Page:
A man and his 14-month-old daughter were killed and the man’s wife injured when an impaired driver drove into their car according to the April 13 Herald. The impaired driver’s licence Was under suspension as a result of driving impaired previously. The prosecutor asked for a sentence that-would deter others. He was sentenced for three years imprisonment. I have to wonder at the justice of laws that will jail a man for only three years who has been involved with the death of two people, and yet would jail another man for up to seven years for merely possessing marijuana. If that man sold some marijuana to someone else, he could be sent away to jail for life under the existing laws, Perhaps the laws might make some sense if the persons who sold the liquor to the impaired driver were imprisoned as well as the driver.
A. D. CHARBONNEAU, Calgary .
(The penalty for marijuana possession ranges irom a maximum of six months on a first offence to a maximum of seven years after repeated convictions ~ Editor, The Herald).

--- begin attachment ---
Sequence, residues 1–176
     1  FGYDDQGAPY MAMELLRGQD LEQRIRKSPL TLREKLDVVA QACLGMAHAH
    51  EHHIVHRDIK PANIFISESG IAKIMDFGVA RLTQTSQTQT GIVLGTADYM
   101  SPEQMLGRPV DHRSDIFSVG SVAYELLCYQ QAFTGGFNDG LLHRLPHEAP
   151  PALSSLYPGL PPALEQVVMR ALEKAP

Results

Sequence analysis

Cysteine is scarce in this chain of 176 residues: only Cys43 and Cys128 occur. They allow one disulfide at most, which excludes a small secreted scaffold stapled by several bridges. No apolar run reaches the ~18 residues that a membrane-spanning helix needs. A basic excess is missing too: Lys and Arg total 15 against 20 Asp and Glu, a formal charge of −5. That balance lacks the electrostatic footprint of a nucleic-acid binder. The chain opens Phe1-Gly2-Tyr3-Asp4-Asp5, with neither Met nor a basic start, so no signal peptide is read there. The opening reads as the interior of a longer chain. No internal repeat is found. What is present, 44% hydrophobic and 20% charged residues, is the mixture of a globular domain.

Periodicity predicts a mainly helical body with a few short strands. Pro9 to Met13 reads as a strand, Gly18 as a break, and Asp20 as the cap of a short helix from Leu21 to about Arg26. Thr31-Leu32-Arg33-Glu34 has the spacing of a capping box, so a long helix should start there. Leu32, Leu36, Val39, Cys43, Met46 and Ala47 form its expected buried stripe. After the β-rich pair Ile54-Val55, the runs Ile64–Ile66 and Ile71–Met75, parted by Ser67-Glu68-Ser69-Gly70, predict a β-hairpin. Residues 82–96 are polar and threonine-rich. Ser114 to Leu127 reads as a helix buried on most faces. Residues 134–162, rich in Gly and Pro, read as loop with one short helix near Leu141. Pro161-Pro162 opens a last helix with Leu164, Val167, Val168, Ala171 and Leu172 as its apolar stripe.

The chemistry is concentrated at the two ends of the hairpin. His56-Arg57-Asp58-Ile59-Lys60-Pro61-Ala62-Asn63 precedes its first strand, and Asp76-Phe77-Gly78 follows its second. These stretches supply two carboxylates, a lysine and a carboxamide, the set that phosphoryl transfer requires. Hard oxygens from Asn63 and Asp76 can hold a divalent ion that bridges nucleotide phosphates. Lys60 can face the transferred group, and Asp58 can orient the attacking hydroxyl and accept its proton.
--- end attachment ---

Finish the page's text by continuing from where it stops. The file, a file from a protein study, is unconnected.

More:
Marijuana use condemned
Re April 26 letter, “Marijuana dangerous drug.” is well and completely eXplained. I hope and pray its use will never be legalized – many of the crimes committed are results from such indulgences. Re April 26 ‘letter section’ by Mrs. Susan Friesen. title “MPs and Abortion” Her few weighty words should be, heeded by all mankind, otherwise we all are encouraging an early destruction of this our “sin sick world.”

Alberta Law Foundation rejects our application for survey

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1210.205 – 5TH AVENUE S.W., BOX 9114
TELEPHONE 264.4701

May 1, 1978

Alberta Legalization of Cannabis Committee
c/o A.D. Charbonneau
1721 24A Street, S.W.
CALGARY, Alberta

Dear Sirs:

Re: Survey of Calgary area

As has been indicated to you, the board did not see its way clear to support your application.

In a general way they did not seem to feel that the application brought your project under our objectives too clearly. There was also some consideration of the fact that the survey did not appear to be based on a scientifically objective test and the results might easily be challenged as being in question.
For these and other reasons the board did not agree to support the application.

Yours very truly,

S.B. Laing
Executive Dlrector